Mark Eveland runs a company in the legal sector, but he knows at least one thing about good public relations:
Any association with one of the world’s worst criminal enterprises isn’t it.
That’s why Eveland, co-founder and CEO of Princeton-based Verus LLC, a litigation support firm serving mass tort and class action law firms, says companies should be able to say they’re doing what they can to solve the problem of human trafficking, rather than contributing to it.
Contrary to idea that this issue is far from the world of business, Eveland believes companies in a number of industries could be held responsible in the future for not doing enough to combat it. In some individual cases, particularly in the hospitality sector, that’s already happening.
Because, whether businesses are aware of it or not, he said, they’re sometimes host to human traffickers and their victims.
“So, there’s a lot that corporations could be doing to help put an end to this,” he said. “Otherwise, companies are just waiting until the hammer falls and they’re subject to litigation. Or legislatures are going to step up and impose regulatory regimes that are going to be painful for businesses.”
Retired Judge Marina Corodemus, who served as New Jersey’s sole mass tort judge for more than a decade, said it’s not hard to envision that sort of fallout, given the recent example of the opioid epidemic and the repercussions pharmaceutical companies have faced.
“Could you imagine five years ago if we said people would think of opioids as the cause of a national catastrophe?” she said. “Businesses need to realize that they’ve got a social interest, if not a selfish business interest, in making sure they’re plugged into this, because the same change is going to come to this issue. And it’ll be more devastating, because it’s more than one industry involved.”
Corodemus, who is also director of the alternative dispute resolution practice at her firm, Corodemus & Corodemus LLC, took an interest in exploring the impact of human trafficking while on a trip to Albania, when she learned what an issue it was in that country.
She saw many parallels between it and domestic violence, which she had focused on the legal aspects of for about three decades. She’s now interested in bringing more awareness to the issue, alongside other local legal sector leaders.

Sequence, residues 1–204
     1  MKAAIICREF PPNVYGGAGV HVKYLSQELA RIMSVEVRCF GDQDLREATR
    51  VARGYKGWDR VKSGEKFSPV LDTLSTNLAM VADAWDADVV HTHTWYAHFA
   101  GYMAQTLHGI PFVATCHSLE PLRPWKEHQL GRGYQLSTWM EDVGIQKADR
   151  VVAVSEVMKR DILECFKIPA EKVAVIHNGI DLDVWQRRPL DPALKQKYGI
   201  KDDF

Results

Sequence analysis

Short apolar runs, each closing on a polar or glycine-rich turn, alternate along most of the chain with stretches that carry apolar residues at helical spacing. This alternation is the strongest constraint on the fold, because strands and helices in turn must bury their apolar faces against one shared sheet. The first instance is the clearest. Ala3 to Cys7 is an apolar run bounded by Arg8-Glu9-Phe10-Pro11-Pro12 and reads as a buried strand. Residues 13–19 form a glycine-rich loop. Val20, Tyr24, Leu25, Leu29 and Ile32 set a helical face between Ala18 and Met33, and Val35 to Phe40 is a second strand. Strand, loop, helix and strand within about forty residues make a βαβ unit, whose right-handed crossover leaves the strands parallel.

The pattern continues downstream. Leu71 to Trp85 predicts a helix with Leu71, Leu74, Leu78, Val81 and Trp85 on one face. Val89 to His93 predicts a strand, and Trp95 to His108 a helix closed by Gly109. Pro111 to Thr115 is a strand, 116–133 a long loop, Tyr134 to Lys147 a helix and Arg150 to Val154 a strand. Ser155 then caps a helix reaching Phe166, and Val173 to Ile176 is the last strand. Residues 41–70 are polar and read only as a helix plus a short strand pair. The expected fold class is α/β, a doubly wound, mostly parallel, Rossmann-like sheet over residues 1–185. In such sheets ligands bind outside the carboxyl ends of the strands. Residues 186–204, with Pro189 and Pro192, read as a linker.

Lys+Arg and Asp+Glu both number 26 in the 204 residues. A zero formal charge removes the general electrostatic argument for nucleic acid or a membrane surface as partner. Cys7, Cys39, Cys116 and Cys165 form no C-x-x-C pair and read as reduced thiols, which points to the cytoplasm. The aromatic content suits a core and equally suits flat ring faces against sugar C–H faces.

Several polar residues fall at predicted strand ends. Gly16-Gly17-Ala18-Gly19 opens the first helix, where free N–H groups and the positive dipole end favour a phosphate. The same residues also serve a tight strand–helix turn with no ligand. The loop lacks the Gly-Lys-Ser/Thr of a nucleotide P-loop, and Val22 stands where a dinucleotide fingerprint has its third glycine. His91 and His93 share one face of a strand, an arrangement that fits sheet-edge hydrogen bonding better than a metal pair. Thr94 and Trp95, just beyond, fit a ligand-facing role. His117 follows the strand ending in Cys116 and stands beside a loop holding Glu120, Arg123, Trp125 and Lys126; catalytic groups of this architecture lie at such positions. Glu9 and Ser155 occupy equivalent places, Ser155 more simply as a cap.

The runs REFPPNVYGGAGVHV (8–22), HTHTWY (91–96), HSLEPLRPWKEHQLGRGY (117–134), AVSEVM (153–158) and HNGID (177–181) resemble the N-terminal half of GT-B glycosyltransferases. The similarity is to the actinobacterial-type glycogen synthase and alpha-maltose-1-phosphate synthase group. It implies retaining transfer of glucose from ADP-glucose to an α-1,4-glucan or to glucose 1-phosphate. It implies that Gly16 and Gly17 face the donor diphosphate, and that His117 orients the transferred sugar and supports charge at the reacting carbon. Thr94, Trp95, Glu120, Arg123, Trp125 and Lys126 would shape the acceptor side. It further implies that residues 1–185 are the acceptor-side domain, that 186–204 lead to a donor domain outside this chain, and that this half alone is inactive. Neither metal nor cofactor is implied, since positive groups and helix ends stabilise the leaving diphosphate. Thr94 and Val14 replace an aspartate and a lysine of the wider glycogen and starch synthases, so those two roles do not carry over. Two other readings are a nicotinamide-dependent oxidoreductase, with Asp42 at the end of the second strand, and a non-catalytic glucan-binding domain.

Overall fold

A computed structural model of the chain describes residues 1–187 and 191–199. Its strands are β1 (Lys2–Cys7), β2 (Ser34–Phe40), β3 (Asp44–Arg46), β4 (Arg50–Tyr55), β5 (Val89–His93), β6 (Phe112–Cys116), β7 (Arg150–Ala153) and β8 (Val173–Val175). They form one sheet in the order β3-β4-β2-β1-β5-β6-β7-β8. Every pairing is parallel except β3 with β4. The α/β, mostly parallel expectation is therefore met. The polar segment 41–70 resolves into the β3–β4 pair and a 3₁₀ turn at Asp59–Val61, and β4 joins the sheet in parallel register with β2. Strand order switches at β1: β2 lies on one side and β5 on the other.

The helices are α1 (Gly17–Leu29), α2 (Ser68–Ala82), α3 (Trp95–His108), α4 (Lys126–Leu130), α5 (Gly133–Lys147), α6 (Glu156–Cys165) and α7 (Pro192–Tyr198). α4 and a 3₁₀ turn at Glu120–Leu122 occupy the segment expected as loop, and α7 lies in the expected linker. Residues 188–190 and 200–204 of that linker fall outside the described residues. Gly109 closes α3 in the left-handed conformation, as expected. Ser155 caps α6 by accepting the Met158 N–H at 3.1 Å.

“(Human trafficking) really implies taking away someone’s freedom for profit, whether that’s by deception or various criminal actions,” she explained.
Corodemus and Eveland both emphasized that, although the main association people have with human trafficking is the sex trade, that’s not the only form it takes.
“That’s certainly where many horrific abuses occur,” Eveland said. “But you also have smugglers involved in moving people from impoverished countries into developed countries to fill gaps in the labor market, such as in the agricultural sector.”
Eveland added that, at minimum, businesses should have programs in place in order to train employees on spotting human trafficking — whether it’s forced labor, sexual exploitation or any other instance of coercion.
Some companies are already introducing programs that teach employees what to do when they encounter someone they suspect is being trafficked or is engaged in trafficking someone else.
“It’s starting to take hold in the hotel industry, but there’s a lot more they could do,” he said. “Same thing with the transportation industry, ride-sharing companies like Uber and Lyft as well as elements of the housing industry, airlines, shipping companies — so many industries have a role.”
That’s what Corodemus and Eveland hope the takeaway for businesses is: they have a part to play.
“It’s all about a business knowing how its premises are being used, who its customers are and how they’re coming and going,” he said. “They have an obligation to be a good corporate citizen and know make sure the company isn’t contributing to violation of peoples’ basic human rights.”
Reach Mark Eveland of Verus LLC at: email@example.com or 609-979-8004.
Reach Marina Corodemus of Corodemus & Corodemus at: firstname.lastname@example.org or 732-603-0005.